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Thread: Neal: Twins won't overpay for average pitching

  1. #81
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    Quote Originally Posted by Highabove View Post
    My point was this, The Twins got a bargain with Willingham on one end, overpaying for a reliable Pitcher on the other end would not be a mortal sin.
    ahh...misunderstood you. I thought you were implying big things to come

  2. #82
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    Quote Originally Posted by Brock Beauchamp View Post
    If I walk into a Ferrari dealership with $5,000 and ask for a new car, I'll be promptly turned on my heel and escorted out the door. At that point, could I frantically wave my arms and scream about how I can't give my money to Ferrari?

    The Twins haven't been rumored to be in the mix for any decent pitcher this offseason. And it's not as if rumors aren't circulating. We've heard about them "being in the mix" on some pretty bad pitchers, just not any good ones.
    Very bad analogy. Does absolutely nothing to refute my point that the Twins could have started discussions and were told no way. Not many offers or discussions are made public. Puhols turned down more money from Miami in a public discussion. Why have the major free agents all gone to winning teams the last six years? Absence of signing by the Twins is not proof of absence of discussions. Would you go to work for an outfit that offered you little chance of team success if you had an option? You already have more money than you will ever need regardless of where you sign. I think not.

  3. #83
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    Quote Originally Posted by USAFChief View Post
    The idea that the Twins couldn't improve their team because free agents wouldn''t sign here is one possible theory.

    It's a theory completely without evidence, contrary to history, and it defies rational thought, but it's one possible theory.
    It is a theory based on where people sign. There is plenty of evidence out there by watching where past players have signed. What do you have that proves it wrong in recent history?

  4. #84
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    Quote Originally Posted by nicksaviking View Post
    And since they pulled this same stunt when "attempting" to negotiate with Santana and Hunter, it's logical to believe this is actually what is happening with this years free agents to whom they "can't give away their money."
    Torri Huntrer signed the second largest contract behind Alex Rodriguez. Had he signed the Twins offer he would have signed the second largest per year contract handed out. You had Morneau coming off a MVP season, Liriano pre Tommy John looked like he was going to be a dominant pitcher. . So in 2010 with no long term deals you have a choice between an MVP power hitter, potentially a staff ace, and an aging player. Hindsight is so easy.
    Santana had publicly stated long before negotiations started that he wanted to play somewhere else. Had the Twins made a better trade you wouldn't be complaining. The Santana contract has them paying about8 million per WAR, way overpriced.

  5. #85
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    Quote Originally Posted by jokin View Post
    Your $15-20M number is way off. They essentially offloaded Span's contract and replaced it with Correia and so the Twins have actually only added just $4M for Pelfrey. Minus all of the other numerous castoffs and non-reuturnees, the Twins have more like close to $30M that "they haven't spent" when compared to the 2012 payroll (Pavano, Baker, Span, Marquis, Casilla, Liriano, Capps salaries total to well over $30M that no longer exist on the payroll, replaced thus far by players making around the minimum or a crap-shoot lottery ticket like Harden).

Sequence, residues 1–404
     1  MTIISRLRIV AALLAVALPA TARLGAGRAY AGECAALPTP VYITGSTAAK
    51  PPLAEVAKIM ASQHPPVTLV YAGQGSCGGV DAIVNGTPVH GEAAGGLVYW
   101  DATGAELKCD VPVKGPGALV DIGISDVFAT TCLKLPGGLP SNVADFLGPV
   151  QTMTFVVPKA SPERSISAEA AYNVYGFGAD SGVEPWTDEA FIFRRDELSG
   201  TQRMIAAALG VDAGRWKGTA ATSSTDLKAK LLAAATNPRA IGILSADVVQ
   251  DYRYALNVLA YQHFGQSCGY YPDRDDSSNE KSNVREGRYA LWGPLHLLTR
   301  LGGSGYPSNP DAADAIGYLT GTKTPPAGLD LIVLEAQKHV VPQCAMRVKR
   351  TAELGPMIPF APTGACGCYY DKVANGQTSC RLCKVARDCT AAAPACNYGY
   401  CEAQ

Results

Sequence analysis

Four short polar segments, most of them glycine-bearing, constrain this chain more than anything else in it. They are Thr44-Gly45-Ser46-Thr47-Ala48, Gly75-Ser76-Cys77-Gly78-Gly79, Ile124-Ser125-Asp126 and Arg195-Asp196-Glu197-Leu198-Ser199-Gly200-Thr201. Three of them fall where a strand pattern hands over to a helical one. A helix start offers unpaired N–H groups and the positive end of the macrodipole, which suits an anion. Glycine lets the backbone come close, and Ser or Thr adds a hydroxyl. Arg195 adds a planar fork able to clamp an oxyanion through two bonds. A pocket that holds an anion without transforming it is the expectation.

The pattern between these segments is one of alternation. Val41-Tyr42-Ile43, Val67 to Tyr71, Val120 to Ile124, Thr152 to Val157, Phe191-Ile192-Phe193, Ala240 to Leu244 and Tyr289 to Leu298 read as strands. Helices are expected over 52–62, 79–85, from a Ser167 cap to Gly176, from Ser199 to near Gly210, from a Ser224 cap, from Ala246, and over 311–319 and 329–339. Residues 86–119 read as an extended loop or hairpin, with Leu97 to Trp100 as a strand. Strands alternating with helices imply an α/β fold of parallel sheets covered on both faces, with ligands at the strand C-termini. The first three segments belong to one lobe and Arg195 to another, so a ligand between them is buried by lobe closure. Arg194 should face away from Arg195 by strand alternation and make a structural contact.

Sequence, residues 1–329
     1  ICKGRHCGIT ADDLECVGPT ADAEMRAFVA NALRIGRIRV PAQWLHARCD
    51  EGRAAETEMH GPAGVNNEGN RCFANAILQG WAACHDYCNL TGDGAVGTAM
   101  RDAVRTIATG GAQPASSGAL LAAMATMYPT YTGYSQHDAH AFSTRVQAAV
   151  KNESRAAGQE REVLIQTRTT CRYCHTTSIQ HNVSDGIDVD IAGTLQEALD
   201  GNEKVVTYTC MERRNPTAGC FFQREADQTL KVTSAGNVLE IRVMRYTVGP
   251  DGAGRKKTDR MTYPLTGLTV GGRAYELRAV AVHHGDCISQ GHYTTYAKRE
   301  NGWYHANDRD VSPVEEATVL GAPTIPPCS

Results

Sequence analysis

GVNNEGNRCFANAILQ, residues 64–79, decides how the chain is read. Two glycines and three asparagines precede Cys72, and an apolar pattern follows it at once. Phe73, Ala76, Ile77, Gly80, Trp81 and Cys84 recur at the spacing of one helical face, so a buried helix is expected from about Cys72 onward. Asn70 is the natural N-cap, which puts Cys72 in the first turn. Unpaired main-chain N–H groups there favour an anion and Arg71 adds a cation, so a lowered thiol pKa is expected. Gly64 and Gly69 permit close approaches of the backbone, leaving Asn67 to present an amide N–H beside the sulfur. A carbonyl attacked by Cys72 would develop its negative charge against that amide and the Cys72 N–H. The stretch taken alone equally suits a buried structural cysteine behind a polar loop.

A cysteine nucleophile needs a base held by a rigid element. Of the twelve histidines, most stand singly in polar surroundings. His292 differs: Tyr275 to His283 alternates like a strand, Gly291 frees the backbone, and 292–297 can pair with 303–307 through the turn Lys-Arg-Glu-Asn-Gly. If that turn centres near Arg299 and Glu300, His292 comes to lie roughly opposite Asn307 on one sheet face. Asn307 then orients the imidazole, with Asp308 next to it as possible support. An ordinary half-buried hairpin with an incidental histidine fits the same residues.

If you consider equating the outright gutting of the team up the middle as a standard fleece-job, so be it.
    If the Twins do nothing the remainder of the offseason, the 2013 payroll will be $80M. If you expected the payroll to be the same as last year, that means they have $20M left to spend.

  6. #86
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    Quote Originally Posted by old nurse View Post
    Would you go to work for an outfit that offered you little chance of team success if you had an option? You already have more money than you will ever need regardless of where you sign. I think not.
    The problem with this argument is that the pitcher they handed the most money to this offseason - by their own admission - took a lowball offer from the Twins.

  7. #87
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    Quote Originally Posted by old nurse View Post
    Torri Huntrer signed the second largest contract behind Alex Rodriguez. Had he signed the Twins offer he would have signed the second largest per year contract handed out. You had Morneau coming off a MVP season, Liriano pre Tommy John looked like he was going to be a dominant pitcher. . So in 2010 with no long term deals you have a choice between an MVP power hitter, potentially a staff ace, and an aging player. Hindsight is so easy.
    Santana had publicly stated long before negotiations started that he wanted to play somewhere else. Had the Twins made a better trade you wouldn't be complaining. The Santana contract has them paying about8 million per WAR, way overpriced.
    I wasn't complaining. I was just pointing out that the Twins were trying to sell to the public that they also couldn't "give their money away" to Hunter and Santana even though the money (and mostly the years) they were offering were not as much as the other teams were willing to give. I was simply providing past experience to support Brock's Ferrari analogy which, like it or not, is a very likely theory.

  8. #88
    Twins Moderator MVP USAFChief's Avatar
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    Quote Originally Posted by old nurse View Post
    It is a theory based on where people sign. There is plenty of evidence out there by watching where past players have signed. What do you have that proves it wrong in recent history?
    On the one hand, you're using information made available about offers to Pujols and Hunter to prove FAs sign only with good teams. "Pujols turned down this, Hunter turned down that." Information made available...which is the only reason you know about it...these offers were rumored to have been made.

    On the other hand, you're using a lack of information made available about Twins offers to FAs to prove we don't know they didn't make legitimate offers.